5G mast plan described as 'hideous addition to beautiful area' refused

A mobile phone operator has appealed after it was blocked from putting a 20 metre high mast outside a Yorkshire sports club.

Sheffield Council planners refused to allow the monopole and six equipment cabinets to be erected next to Fulwood Bowling and Tennis Club on the corner of Chorley Road and Slayleigh Lane.

Mobile Broadband Network Limited said the mast was designed to replace coverage lost because of the redevelopment of the old Fulwood House site on Woofindin Road.

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It said 20m was the minimum height necessary to achieve the required 5G network coverage. But there were 21 letters of objection from residents, as well as the club and Coun Sue Alston.

The road outside Fulwood Sports Club in Sheffield

The mast was described by one resident as “a hideous addition to a beautiful area full of natural wildlife” and would be out of keeping.

Residents said the scale of the mast was inappropriate as it would be twice the height of the floodlights and five times higher than an existing fence.

It would be highly visible from within the sports club grounds and surrounding area and over dominate neighbouring houses.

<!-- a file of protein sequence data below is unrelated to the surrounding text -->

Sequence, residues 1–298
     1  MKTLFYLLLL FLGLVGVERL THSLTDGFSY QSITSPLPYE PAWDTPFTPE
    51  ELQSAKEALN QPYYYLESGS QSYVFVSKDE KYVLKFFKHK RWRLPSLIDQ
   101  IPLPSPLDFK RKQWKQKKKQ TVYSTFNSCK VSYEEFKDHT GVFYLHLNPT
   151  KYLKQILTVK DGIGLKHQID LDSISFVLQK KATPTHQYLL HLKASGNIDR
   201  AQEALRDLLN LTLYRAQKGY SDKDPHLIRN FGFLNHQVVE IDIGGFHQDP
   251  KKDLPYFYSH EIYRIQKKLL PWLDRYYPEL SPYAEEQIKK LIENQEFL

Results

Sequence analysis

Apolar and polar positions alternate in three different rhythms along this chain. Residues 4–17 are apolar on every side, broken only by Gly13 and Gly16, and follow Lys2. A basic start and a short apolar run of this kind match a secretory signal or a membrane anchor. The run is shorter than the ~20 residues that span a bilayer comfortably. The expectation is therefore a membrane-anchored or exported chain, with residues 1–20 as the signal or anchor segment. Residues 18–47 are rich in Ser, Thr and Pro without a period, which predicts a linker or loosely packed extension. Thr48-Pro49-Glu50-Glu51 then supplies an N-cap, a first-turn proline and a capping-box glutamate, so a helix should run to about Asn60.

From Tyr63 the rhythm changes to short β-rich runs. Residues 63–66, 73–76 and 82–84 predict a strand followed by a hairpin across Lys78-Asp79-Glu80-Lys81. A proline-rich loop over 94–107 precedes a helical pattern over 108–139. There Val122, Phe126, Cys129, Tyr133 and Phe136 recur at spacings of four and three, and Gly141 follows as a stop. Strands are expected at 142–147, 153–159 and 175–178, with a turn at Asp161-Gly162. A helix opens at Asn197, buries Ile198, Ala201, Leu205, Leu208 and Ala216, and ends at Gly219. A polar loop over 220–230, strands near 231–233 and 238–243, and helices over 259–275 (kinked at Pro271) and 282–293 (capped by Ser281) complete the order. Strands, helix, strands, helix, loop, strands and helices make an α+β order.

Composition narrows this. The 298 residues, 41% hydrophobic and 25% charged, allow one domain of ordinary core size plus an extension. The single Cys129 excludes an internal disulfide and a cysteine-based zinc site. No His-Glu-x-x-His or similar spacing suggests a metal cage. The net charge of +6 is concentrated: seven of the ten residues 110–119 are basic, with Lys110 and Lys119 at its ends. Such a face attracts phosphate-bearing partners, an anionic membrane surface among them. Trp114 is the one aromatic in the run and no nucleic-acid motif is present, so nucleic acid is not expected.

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Planners said the area is residential apart from the club with two-storey detached houses. The sports club contains several tennis courts, a bowling green and a single storey clubhouse.

Officers refused the mast using delegated powers. They said: “The monopole would be of a diameter much wider than the street lamps in the locality and floodlighting columns in the sports club. It also has a cluster of antennae on its upper part.

“At 20m the mast would tower above the trees, existing street lighting columns, flood lighting columns and adjacent residential properties, being around twice the height of these existing features.

“It is clearly not of a scale, in height or girth, consistent with the residential character of the area.

“There is a cluster of mature deciduous trees and bushes close to where the mast is sited. They would offer some screening to the cabinets and the lower section of the mast but for a large majority of the year, in particular the autumn and winter months when the trees and bushes are not in leaf, the mast would be completely exposed and highly visible from the immediate street scene and wider area.

“The siting of the mast does little to disguise its inappropriate scale. The scale, siting and appearance of the mast significantly harms the street scene and the visual amenities of the locality.”

Planners accept the social and economic benefits and technical requirements of the 5G network but say this must be carefully balanced against the visual harm.

New installations should be kept to a minimum and operators should use existing buildings and masts where possible.

Mobile Broadband Network Limited has appealed saying permission for a mast 200m away on the corner of Stumperlowe Lane and Fulwood Road has also been refused and four alternative sites have not been suitable.